By Ben Lieberman, Competitive Enterprise Institute
This year began with a powerful consumer backlash to the suggestion from a Biden administration official that gas stoves may be banned, followed by strident denials from the administration that any such ban is in the works. Despite these denials, the administration is moving ahead with stove regulations while also proposing equally bad ones for dishwashers, refrigerators, air conditioners, washing machines, ceiling fans, and water heaters. And just last Friday, it finalized one for furnaces. Hardly a room in the house is being left untouched. Virtually every one of these regulations threatens higher up-front costs and compromised performance and features, and they are a big part of the administration’s embrace of climate change policy at the expense of consumers.
As one might expect of a regulatory agenda so unpopular, members of Congress are working on a number of bills to outlaw these regulations or place limits on future ones. In fact, legislation preemptively stopping stove regulations has already passed through the House with bipartisan support. A bill blocking the proposed water heaters regulation has been introduced and more are in the works.
And now, several House members are seeking to use the appropriations process to defund the bureaucrats responsible for these rules.
Most of these proposed or recently finalized appliance rules are efficiency standards from the Department of Energy’s (DOE) Office of Energy Efficiency and Renewable Energy (EERE). These activities will be funded under “ H.R. 4394 – Energy and Water Development and Related Agencies Appropriations Act,” which is currently being debated by the House. And several members are essentially saying “no money, no more appliance regulations.”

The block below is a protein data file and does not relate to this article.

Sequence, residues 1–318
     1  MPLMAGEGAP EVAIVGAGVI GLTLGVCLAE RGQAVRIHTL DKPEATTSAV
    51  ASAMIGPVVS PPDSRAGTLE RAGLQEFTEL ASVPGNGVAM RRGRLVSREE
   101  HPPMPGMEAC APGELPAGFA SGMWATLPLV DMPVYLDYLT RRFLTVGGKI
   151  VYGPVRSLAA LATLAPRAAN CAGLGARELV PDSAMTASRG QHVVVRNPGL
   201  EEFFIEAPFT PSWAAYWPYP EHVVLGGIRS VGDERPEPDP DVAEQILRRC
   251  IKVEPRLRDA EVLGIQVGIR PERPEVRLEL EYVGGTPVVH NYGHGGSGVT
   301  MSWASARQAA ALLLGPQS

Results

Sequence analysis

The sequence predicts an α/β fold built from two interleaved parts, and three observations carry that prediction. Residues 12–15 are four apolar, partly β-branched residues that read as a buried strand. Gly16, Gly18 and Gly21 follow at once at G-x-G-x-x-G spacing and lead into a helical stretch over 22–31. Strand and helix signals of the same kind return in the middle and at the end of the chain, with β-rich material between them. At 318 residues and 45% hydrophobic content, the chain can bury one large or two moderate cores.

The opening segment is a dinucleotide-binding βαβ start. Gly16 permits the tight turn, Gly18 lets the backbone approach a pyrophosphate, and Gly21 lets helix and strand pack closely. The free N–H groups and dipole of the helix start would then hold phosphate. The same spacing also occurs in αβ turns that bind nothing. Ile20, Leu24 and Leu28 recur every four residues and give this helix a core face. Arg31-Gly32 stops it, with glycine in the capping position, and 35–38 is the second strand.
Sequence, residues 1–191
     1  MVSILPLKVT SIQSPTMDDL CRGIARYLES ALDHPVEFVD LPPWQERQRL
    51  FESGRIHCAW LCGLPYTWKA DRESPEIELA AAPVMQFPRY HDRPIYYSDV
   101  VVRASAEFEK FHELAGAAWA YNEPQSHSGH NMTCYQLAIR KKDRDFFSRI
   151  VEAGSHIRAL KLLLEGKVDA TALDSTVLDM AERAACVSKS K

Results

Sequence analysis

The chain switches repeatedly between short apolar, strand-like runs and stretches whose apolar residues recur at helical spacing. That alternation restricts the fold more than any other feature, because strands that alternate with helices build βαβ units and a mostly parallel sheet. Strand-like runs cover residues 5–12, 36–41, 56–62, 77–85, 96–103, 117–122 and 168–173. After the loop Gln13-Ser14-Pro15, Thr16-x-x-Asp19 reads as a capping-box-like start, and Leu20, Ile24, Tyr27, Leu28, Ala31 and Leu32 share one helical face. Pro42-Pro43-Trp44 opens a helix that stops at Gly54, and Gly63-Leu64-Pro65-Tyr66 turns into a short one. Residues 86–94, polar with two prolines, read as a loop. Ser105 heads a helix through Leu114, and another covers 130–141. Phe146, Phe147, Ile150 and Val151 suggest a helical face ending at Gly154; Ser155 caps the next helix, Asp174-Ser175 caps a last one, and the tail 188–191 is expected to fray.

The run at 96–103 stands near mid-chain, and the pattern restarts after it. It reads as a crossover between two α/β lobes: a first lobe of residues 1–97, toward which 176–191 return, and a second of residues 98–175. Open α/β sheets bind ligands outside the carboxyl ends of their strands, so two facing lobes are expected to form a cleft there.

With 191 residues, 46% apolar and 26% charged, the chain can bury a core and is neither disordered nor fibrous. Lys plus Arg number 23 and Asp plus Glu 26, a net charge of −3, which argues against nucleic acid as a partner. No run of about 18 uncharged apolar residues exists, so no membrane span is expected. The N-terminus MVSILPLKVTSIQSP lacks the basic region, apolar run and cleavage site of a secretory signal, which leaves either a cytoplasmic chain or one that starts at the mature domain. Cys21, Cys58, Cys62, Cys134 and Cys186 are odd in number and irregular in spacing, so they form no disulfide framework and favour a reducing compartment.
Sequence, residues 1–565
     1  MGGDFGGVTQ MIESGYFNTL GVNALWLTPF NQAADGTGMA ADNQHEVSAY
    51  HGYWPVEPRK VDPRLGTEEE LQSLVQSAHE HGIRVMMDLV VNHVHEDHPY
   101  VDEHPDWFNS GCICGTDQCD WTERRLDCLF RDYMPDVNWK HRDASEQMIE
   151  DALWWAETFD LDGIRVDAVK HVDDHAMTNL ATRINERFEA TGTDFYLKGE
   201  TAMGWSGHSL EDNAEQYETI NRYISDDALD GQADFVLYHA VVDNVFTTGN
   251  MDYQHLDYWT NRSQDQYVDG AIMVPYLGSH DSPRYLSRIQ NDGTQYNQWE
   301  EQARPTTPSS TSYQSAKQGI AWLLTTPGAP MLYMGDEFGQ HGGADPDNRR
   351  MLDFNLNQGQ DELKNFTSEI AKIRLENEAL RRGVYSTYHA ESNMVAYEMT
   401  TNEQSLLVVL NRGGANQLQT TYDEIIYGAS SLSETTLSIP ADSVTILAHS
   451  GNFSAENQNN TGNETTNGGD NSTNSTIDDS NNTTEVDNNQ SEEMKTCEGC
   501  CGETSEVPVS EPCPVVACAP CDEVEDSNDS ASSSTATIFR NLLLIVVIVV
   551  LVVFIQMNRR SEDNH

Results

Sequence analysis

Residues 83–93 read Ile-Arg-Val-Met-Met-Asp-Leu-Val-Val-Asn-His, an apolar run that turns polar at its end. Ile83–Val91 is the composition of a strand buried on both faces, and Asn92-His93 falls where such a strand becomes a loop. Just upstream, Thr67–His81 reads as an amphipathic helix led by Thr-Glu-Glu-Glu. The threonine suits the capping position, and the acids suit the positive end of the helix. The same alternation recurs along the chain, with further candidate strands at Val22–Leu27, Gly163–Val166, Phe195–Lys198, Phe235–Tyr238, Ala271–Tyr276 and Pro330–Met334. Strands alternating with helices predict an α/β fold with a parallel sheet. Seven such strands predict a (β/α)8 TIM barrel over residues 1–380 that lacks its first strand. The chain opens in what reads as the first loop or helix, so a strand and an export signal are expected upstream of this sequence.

Sixty-one amendments have been introduced thus far. Some members want to go for the jugular, reducing or even eliminating the funding for EERE. Others are targeting specific appliance regulations, including the ones for furnaces, water heaters, and room air conditioners, which means the agency can’t spend any money to move forward with regulatory restrictions.
Granted, withholding appropriations in this manner is not the best way to stop out-of-control regulators. It still leaves intact DOE’s legal authority to target home appliances, and any regulations already finalized remain on the books. It only prevents the agency from spending money to implement existing rules or concoct any new ones, at least for the time being.
For this reason, it is much better to pass substantive legislation explicitly ending (or at least greatly reducing) DOE’s authority to micromanage home appliances. Unfortunately, such legislation is unlikely to get enacted under President Biden, so a must-pass appropriations bill is a more realistic vehicle to fight government meddling in our kitchens and other rooms. In other words, if you can’t beat ‘em, defund ‘em.
That said, the appropriations process can be a useful tool to at least slow down the regulatory nonsense. And it certainly sends a message that the American people want to hear: Washington can’t spend your money to create appliance regulations you don’t want.
Ben Lieberman is a senior fellow who specializes in environmental policy at the Competitive Enterprise Institute.